I knew I was going to have to ride the descent, which even some of the pros describe as “terrifying”. I was not looking forward to it. Many, many riders jokingly asked if I’d trade bikes with them for the descent. I knew I’d feel safer on the fatty, for sure. I also knew the descent would challenge me and it did–but not for the reasons I thought it would. I knew it was a narrow road with no guardrail and many steep drop offs. Surprisingly, that didn’t trouble me much. The condition of the road, however, challenged me a lot. As the highest paved road in America, the road to Mt. Evans is under permafrost. The last 10 miles are all above tree line. The road is buckled and uneven. It includes lots of small, deep potholes that are like windows into a glacier. There is even an off-camber section the likes of which I’ve never seen on a road. Then, of course, there is some overflow, where water seeps up through the pavement and makes large puddles. Add to that an assortment of furry mountain creatures–deer, marmots, and mountain goats–and it becomes quite an obstacle course! As one of the last riders to descend, I had the road mostly to myself, so it was easier. And by “easier”, I mean slightly less terrifying.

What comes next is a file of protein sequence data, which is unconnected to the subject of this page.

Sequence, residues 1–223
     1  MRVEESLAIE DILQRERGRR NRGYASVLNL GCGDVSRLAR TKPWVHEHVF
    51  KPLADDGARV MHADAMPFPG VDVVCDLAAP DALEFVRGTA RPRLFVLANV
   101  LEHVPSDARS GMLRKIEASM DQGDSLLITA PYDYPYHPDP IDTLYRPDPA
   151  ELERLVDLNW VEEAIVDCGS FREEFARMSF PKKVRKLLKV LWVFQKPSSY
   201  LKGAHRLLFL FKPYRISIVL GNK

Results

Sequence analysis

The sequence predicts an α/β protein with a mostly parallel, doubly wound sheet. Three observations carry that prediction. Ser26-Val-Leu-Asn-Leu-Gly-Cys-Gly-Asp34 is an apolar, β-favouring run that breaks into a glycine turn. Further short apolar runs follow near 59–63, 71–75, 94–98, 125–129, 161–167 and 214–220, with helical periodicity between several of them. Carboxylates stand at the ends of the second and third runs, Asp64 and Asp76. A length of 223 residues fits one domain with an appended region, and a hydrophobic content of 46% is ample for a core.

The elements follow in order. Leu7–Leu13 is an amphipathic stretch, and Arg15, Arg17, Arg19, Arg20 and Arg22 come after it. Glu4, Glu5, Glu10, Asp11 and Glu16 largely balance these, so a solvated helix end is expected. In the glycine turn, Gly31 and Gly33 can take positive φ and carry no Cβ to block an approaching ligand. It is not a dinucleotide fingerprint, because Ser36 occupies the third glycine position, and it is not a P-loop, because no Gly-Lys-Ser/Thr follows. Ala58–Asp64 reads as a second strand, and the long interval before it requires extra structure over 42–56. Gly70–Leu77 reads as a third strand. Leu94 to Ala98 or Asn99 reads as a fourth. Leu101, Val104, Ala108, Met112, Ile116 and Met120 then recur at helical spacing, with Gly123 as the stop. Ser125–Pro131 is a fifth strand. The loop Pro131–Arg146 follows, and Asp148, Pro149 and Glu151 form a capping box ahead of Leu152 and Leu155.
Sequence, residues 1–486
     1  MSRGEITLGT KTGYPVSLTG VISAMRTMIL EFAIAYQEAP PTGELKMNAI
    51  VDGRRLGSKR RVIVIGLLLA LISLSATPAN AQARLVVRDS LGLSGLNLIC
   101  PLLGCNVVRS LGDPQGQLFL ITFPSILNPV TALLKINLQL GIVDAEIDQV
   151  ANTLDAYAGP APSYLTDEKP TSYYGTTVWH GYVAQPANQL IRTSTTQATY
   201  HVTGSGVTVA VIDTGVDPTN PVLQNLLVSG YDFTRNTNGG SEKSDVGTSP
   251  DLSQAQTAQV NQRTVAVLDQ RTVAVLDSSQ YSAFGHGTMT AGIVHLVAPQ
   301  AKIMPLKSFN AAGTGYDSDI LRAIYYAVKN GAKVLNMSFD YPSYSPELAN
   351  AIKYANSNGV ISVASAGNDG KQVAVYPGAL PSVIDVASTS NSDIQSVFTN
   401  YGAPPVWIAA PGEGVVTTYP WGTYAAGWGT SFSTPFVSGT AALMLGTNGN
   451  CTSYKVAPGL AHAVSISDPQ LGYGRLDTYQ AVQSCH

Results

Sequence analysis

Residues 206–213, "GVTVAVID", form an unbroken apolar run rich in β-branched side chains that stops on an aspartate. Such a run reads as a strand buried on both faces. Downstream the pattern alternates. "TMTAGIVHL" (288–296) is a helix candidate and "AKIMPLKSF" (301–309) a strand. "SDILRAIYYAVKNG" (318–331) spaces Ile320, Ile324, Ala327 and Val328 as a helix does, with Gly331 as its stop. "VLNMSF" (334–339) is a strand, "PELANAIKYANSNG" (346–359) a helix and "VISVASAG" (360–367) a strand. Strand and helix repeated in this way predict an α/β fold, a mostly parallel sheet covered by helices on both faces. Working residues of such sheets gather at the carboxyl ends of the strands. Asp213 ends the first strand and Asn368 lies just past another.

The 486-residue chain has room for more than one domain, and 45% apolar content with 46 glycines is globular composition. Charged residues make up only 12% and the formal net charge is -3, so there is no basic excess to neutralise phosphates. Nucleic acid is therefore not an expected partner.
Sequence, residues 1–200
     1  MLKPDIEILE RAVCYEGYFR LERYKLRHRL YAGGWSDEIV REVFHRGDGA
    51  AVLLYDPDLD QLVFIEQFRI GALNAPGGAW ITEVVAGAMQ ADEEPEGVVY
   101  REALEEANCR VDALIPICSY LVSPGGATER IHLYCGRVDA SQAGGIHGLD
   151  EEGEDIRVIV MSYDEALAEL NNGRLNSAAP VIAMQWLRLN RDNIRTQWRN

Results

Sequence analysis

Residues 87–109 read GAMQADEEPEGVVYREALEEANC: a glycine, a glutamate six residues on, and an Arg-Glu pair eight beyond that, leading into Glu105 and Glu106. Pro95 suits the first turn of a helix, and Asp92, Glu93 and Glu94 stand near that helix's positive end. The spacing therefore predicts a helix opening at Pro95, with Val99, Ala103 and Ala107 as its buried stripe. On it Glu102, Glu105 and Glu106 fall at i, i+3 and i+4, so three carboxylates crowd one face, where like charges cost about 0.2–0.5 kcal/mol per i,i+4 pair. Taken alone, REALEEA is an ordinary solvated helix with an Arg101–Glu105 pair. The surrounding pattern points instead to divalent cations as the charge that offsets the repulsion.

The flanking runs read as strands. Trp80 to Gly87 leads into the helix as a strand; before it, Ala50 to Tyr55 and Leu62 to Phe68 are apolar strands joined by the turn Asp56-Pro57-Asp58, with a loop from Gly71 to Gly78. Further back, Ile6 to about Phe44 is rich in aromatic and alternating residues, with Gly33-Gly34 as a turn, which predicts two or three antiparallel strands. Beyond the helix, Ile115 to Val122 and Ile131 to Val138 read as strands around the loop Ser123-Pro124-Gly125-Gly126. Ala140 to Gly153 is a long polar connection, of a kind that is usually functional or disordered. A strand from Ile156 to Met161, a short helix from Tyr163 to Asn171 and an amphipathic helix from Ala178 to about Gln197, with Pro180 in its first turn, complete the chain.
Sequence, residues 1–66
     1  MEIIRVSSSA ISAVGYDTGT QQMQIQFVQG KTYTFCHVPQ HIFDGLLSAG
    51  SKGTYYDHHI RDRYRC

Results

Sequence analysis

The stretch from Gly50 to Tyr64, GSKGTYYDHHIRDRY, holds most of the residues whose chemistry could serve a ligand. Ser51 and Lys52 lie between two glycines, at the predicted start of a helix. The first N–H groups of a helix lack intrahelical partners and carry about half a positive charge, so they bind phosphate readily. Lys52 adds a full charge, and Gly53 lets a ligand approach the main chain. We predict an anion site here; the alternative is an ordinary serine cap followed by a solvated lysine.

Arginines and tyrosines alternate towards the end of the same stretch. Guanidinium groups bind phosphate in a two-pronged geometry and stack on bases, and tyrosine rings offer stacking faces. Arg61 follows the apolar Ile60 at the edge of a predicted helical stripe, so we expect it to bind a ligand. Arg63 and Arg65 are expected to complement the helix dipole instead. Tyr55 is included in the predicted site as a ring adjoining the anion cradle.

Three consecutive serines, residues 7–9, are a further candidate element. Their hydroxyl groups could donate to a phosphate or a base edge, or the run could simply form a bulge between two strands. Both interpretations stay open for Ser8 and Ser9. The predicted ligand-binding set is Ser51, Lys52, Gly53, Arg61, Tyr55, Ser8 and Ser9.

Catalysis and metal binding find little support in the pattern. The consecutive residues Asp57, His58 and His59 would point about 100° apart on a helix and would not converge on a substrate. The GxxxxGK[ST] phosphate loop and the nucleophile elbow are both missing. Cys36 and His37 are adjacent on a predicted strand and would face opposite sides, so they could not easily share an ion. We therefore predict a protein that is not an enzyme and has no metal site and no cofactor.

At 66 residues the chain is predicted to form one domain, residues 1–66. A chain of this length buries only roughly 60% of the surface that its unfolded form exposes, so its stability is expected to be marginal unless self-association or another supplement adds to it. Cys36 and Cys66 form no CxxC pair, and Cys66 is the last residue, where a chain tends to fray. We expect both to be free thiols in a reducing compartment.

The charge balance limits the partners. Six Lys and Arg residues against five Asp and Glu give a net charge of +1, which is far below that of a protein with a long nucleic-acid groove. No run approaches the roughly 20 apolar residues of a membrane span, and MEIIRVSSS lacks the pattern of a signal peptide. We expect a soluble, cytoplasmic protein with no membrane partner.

5. Tips for anyone seeking to do something…different:

Do your research–understand the endeavor, the gear required, and what makes it different from what you’ve done in the past. Take it seriously and talk with others who have done that or something similar.

Trust your hermeneutical sense–your gut feeling. If not many people have done what you seek to do, you’ll likely find yourself having to make decisions based on your gut feelings. Go with that and don’t look back. You know you, your gear, your abilities.

Have fun! If it’s not fun, there is no reason to be out there, doing whatever it is you’re doing. Let other people be there for you. Let them cheer you on, let them help you. If THEY think they are helping and you disagree–like the folks at the summit who wanted to tell me how much psi I should run on the descent–shake it off and let it go. Have a laugh about it with your friends over your celebratory beer. And before you move on to the next big thing, make sure you take the time to celebrate the accomplishment with those who love you and made sacrifices for your quest to be successful.